by Barry Kent MacKay,
Senior Program Associate
Born Free USA's Canadian Representative
Barry is an artist, both with words and with paint. He has been associated with our organization for nearly three decades and is our go-to guy for any wildlife question. He knows his animals — especially birds — and the issues that affect them. His blogs will give you just the tip of his wildlife-knowledge iceberg, so be sure to stay and delve deeper into his Canadian Project articles. If you like wildlife and reading, Barry's your man. (And we're happy to have him as part of our team, too!)
What Drives Fear in Invermere; Why Kill Deer?
You've got to be taught
To hate and fear,
You've got to be taught
From year to year,
It's got to be drummed
In your dear little ear
You've got to be carefully taught.
-The famed Broadway musical, South Pacific
I last blogged about canvasing the community of Invermere, British Columbia, population around 4,000, prior to a referendum that asked the overly-simplistic question: Should there be a cull of mule deer?
As I canvased, I was sometimes reminded of those lyrics when meeting people supportive of the cull. Chicken wire covered trees and plants, to protect them from deer; deer excrement was common; and deer often trotted into the roads. For many people, these are reasons to hate, and/or fear, deer.
Mule deer populations are alleged to be in decline in the forests of British Columbia, but are increasing in several communities. As I approached each resident, I was careful not to reveal my own view, saying I was trying to understand how people felt about the idea of killing deer. Mind you, this was not a scientific exercise, nor a poll. Indeed, a small majority of people with whom I spoke opposed culling—and yet, when the vote was held, a large majority voted for it.
Some people expressed a fear that a child would be killed. The fear originated, at least in part, from videos of deer attacking dogs. But, no one has ever been killed by a mule deer in all of Canada. Enforced leash laws, education about dogs and deer, and high garden fences would resolve these concerns; trapping deer and driving iron bolts into their brains would not. Some people mentioned concern of “disease,” although the deer that I saw appeared to be in good health.
But, we are also taught from a young age that humans are the superior species. Deer are “supposed” to flee.
The pro-cull faction generally shared a suite of characteristics, including an unwillingness to listen to any other view. Often they were angry, a few to the point of rudeness. Some did not want to kill deer, but believed that the only solution to the problem was to cull. Some were surprised to learn that it would cost more than $600.00 per deer, based on the costs of other culls.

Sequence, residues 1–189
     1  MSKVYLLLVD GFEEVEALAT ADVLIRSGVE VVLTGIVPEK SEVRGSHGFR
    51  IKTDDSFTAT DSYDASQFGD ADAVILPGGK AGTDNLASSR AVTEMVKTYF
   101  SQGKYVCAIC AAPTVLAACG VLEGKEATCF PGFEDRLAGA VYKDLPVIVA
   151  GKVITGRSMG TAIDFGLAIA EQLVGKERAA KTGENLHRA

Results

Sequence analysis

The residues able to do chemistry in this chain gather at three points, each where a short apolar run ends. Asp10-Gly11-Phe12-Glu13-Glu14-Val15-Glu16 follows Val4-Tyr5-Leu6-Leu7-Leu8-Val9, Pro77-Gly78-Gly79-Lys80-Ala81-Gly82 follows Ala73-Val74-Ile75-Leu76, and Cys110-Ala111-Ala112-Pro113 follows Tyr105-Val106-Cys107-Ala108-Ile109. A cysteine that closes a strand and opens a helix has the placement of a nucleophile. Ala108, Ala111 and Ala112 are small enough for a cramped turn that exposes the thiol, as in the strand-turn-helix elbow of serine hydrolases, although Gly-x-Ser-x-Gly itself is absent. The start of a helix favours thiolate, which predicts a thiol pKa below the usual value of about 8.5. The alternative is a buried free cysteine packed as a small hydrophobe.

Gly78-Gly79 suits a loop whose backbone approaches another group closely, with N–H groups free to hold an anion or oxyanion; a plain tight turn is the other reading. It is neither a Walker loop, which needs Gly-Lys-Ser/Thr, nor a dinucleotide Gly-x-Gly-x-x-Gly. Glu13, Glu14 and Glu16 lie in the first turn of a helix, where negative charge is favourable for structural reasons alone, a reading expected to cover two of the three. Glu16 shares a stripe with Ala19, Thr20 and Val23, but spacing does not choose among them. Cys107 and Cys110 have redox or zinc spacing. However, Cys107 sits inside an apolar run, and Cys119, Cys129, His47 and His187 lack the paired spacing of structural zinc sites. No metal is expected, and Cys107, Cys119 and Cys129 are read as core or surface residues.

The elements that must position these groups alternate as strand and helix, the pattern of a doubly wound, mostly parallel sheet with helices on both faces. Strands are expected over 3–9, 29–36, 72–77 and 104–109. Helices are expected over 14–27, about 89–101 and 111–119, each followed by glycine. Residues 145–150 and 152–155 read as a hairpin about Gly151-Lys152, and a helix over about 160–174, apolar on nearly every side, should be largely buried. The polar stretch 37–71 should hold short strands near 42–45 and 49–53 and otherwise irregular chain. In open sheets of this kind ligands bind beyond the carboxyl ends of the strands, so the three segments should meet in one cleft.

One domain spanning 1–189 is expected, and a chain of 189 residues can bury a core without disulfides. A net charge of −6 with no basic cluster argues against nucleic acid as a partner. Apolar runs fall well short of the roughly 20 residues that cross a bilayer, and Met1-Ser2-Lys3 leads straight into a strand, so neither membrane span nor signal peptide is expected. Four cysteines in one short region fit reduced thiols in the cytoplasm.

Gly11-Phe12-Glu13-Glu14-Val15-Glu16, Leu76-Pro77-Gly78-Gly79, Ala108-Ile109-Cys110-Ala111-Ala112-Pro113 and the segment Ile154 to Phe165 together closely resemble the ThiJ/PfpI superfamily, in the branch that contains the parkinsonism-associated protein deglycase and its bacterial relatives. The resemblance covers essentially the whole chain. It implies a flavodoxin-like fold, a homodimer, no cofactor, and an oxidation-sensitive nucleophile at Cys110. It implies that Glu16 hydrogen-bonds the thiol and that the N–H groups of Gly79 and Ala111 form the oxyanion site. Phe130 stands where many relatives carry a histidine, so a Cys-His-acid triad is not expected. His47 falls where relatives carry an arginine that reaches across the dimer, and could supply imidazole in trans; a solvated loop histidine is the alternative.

But, they didn’t understand that culling has proved ineffective. After culling was tried in Cranbrook, the number of deer did not decrease. And, I would think that would be true for Invermere, surrounded by viable deer habitat. One guy said to me, “Yeah, but I have to see that for myself.”
So, if it doesn’t work, why cull? There are many reasons, though none very savory. Culling’s main function is, I believe, to allow municipal politicians to assure constituents that something is being done. But, most constituents lack knowledge about wildlife population dynamics, animal behavior, or basic ecology.
Too many deer; kill some off; problem solved.
I’d imagine that many constituents have never heard of the rebound effect or compensatory survival increases, and people who broach these topics are judged to be too abstract, academic, and elitist to heed. Culling prevents having to research basic questions about deer behavior. Wildlife biologists can’t even account for the declines in deer in the forests, even though they have studied deer for decades.
I also think that culling appeals to the more atavistic desires some people have to “punish” the animals for daring to occupy “their” town, their gardens. How dare they!
My hope is that enlightenment will strike Invermere council, and they will educate both themselves and their townsfolk; my fear is that such enlightenment is a long way off, and that culling will remain the expensively inefficient path of least resistance. And Invermere, all the more special for the deer one sees in the streets—the thing that appeals to compassionate tourists and residents—will become less appealing, fouled by the blood of innocent, beautiful animals killed… and people will continue to be taught to fear and hate.